A General History and Collection of Voyages and Travels — Volume 14 eBook

Robert Kerr (writer)
This eBook from the Gutenberg Project consists of approximately 705 pages of information about A General History and Collection of Voyages and Travels Volume 14.

The wind continued easterly for two days, and blew a moderate gale, which brought us into the latitude of 39 deg. 4’, and 2 deg. of longitude west of the Cape, thermometer 52-1/2[1] The wind now came to W. and S.W.; and on the 29th fixed at W.N.W., and increased to a storm, which continued, with some few intervals of moderate weather, till the 6th of December, when we were in the latitude of 48 deg. 41’ S., and longitude 18 deg. 24’ E. This gale, which was attended with rain and hail, blew at times with such violence that we could carry no sails; by which means we were driven far to the eastward of our intended course, and no hopes were left me of reaching Cape Circumcision.  But the greatest misfortune that attended us, was the loss of great part of our live stock, which we had brought from the Cape, and which consisted of sheep, hogs, and geese.  Indeed this sudden transition from warm, mild weather, to extreme cold and wet, made every man in the ship feel its effects.  For by this time the mercury in the thermometer had fallen to 38; whereas at the Cape it was generally at 67 and upwards.  I now made some addition to the people’s allowance of spirit, by giving them a dram whenever I thought it necessary, and ordered Captain Furneaux to do the same.  The night proved clear and serene, and the only one that was so since we left the Cape; and the next morning the rising sun gave us such flattering hopes of a fine day, that we were induced to let all the reefs out of the top-sails, and to get top-gallant yards across, in order to make the most of a fresh gale at north.  Our hopes, however, soon vanished; for before eight o’clock, the serenity of the sky was changed into a thick haze, accompanied with rain.  The gale increasing obliged us to hand the main-sail, close-reef our top-sails, and to strike top-gallant yards.  The barometer at this time was unusually low, which foreboded an approaching storm, and this happened accordingly.  For, by one o’clock p. m. the wind, which was at N.W., blew with such strength as obliged us to take in all our sails, to strike top-gallant-masts, and to get the spritsail-yard in.  And I thought proper to wear, and lie-to, under a mizzen-stay-sail, with the ships’ heads to the N.E. as they would bow the sea, which ran prodigiously high, better on this tack.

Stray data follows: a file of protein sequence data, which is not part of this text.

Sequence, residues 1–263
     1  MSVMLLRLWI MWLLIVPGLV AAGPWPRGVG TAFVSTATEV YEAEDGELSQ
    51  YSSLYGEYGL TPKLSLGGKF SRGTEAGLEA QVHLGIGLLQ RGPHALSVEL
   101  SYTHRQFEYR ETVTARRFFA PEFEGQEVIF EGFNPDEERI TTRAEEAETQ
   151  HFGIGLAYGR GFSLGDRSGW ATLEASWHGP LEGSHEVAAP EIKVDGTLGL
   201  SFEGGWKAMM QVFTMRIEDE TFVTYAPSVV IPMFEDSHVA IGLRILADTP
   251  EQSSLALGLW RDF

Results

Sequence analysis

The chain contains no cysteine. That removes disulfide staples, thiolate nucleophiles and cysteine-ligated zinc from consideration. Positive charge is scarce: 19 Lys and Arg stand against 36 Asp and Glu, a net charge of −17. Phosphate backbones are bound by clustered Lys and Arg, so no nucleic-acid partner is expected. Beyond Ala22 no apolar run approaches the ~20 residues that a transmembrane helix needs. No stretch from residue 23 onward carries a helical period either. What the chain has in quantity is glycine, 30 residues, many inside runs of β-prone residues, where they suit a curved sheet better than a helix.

At eight o’clock next morning, being the 8th, we wore, and lay on the other tack; the gale was a little abated, but the sea ran too high to make sail, any more than the fore-top-mast-stay-sail.  In the evening, being in the latitude of 49 deg. 40 S., and 1-1/2 deg.  E. of the Cape, we saw two penguins and some sea or rock-weed, which occasioned us to sound, without finding ground at 100 fathoms.  At eight p. m. we wore, and lay with our heads to the N.E. till three in the morning of the 9th, then wore again to the southward, the wind blowing in squalls attended with showers of snow.  At eight, being something more moderate, I made the Adventure signal to make sail; and soon after made sail ourselves under the courses and close-reefed top-sails.  In the evening, took in the top-sails and main-sail, and brought-to under fore-sail and mizzen; thermometer at 36 deg..  The wind still at N.W. blew a fresh gale, accompanied with a very high sea.  In the night had a pretty smart frost with snow.[2]

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